And so they may be. But at least one prominent analyst predicts the pair will split the current presidential powers between them when Putin leaves office next year, with one serving in a weakened presidency and the other becoming a stronger prime minister.
Many who follow Russian politics assume Putin, barred by the constitution from seeking a third consecutive term, plans to endorse either the stern Sergei Ivanov, 54, or the boyish Dmitry Medvedev, 41, in the March presidential contest. Both are first deputy prime ministers.
Other experts suggest Putin late this year will throw the weight of the Kremlin behind a surprise candidate, who might step down in a year or two and clear a path for Putin to run again.
Putin's popularity is so high that whomever he endorses is almost certain to win.
Dmitry Trenin, an analyst with the Moscow Carnegie Center, regards the matchup between Ivanov and Medvedev as a dress rehearsal by two leading men rather than a competition between rivals.
Trenin says Putin is likely to endorse Ivanov, but he also predicts Putin would install Medvedev as prime minister, and expand that position's powers in relation to the president's. One way to do that, Trenin said, would be to name a cabinet loyal to Medvedev - and Putin - before Ivanov took power.
"Without changing one iota of the constitution, we'll have a new constitution in Russia," Trenin told The Associated Press. "All power in the Russian Federation is now vested in the president of the Russian Federation. That will be modified."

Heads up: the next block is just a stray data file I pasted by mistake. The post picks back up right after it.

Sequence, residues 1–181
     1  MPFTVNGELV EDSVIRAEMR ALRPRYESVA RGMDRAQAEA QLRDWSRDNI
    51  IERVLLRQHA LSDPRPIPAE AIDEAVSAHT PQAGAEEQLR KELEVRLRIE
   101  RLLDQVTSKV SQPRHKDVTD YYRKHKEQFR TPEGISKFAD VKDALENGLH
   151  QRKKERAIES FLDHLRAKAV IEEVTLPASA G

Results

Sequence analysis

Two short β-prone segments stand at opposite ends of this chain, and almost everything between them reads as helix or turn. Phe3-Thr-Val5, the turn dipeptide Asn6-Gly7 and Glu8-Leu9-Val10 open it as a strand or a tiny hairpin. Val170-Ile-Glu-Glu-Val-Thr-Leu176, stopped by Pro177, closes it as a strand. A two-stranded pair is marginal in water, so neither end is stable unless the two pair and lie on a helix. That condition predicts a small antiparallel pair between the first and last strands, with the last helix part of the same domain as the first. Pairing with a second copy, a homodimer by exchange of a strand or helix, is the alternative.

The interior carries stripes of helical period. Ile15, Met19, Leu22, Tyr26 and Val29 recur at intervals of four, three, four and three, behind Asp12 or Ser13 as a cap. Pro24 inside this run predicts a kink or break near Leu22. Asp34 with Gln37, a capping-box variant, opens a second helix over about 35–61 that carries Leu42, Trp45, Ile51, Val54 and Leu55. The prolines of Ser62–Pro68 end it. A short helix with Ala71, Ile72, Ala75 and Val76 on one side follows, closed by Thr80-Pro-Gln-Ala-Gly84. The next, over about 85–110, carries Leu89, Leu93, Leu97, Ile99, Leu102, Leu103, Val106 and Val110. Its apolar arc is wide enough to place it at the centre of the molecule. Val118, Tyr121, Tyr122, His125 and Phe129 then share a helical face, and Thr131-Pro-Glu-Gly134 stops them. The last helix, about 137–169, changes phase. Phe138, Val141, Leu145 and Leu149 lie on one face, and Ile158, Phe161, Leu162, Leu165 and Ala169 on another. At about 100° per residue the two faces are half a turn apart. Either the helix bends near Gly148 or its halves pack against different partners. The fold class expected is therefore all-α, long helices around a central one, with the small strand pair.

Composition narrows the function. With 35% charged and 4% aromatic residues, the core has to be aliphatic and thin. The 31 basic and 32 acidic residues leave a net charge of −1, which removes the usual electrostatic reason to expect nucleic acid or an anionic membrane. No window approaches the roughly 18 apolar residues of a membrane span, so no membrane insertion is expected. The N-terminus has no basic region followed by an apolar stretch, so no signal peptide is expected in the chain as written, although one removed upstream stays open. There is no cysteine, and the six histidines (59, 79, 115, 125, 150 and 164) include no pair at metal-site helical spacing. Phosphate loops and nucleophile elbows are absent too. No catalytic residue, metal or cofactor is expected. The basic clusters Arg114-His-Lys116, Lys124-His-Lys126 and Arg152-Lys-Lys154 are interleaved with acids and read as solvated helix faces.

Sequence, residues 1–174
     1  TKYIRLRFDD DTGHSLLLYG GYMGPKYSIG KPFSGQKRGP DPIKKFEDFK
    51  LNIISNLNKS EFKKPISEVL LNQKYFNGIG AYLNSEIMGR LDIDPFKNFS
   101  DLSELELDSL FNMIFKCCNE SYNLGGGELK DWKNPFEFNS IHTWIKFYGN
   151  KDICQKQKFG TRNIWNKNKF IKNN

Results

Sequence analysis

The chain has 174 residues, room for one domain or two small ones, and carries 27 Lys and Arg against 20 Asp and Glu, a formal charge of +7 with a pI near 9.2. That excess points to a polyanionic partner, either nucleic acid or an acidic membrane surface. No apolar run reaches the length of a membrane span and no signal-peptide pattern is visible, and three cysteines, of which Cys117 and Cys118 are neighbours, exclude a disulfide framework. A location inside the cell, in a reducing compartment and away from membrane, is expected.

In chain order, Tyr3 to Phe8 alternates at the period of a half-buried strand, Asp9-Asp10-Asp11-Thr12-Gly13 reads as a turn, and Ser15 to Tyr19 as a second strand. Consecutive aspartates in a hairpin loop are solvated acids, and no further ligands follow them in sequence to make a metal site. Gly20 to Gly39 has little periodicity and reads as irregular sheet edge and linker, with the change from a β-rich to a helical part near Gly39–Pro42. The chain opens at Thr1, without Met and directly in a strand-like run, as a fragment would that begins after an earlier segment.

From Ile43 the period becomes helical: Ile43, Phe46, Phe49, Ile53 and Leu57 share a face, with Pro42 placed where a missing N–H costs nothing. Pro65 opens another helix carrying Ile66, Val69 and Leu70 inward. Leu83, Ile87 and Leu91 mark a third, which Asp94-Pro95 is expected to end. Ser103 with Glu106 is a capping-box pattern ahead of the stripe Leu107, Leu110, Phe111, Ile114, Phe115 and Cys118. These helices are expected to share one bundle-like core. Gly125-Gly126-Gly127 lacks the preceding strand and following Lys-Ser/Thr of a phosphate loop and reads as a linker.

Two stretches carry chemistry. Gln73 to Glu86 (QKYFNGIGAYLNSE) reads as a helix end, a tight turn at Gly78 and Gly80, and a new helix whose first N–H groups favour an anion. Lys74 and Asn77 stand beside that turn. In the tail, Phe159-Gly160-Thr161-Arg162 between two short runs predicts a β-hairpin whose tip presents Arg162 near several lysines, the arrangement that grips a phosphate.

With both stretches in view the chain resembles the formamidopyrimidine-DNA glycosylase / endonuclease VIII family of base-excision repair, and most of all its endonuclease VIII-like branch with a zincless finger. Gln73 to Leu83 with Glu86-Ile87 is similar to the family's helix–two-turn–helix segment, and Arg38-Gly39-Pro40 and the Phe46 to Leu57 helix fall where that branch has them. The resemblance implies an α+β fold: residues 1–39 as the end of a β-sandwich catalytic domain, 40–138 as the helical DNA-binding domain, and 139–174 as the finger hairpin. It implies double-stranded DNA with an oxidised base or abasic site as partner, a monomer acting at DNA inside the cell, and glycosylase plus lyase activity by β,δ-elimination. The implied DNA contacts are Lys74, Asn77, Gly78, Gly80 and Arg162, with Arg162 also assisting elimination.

Trenin and other analysts say Putin hopes to retain influence, perhaps even continue to run Russia, in retirement.
"I think he will find the kind of formula in which he would step down, but stay on," Sergei Stepashin the head of the Russian Audit Chamber, was quoted as saying by the newspaper Komsomolskaya Pravda.
"He is going to leave in order to stay," said Nina Khrushcheva, an analyst at the World Policy Institute of New York City's New School.
"President Putin himself will be on the chessboard, we don't know in what capacity, but it's very clear that he will be in a powerful position," Trenin said.
Russian voters are prepared, he said, to ratify Putin's choice of the new leadership. They have even reconciled themselves to a certain level of corruption among top officials, as long as they feel they are being competently led.
"Russia is an autocracy or an authoritarian state today with the consent of the governed," he said.
On television news programs, both Ivanov and Medvedev have been shown touring factories and meeting with professional groups, scolding lower-ranking officials and announcing ambitious social, military or economic programs - the kind of coverage that has helped to build Putin's prestige and popularity.
But there is a division of labor between these aspiring Russian leaders. Ivanov, previously the defense minister and head of foreign intelligence, has focused on security issues and foreign affairs.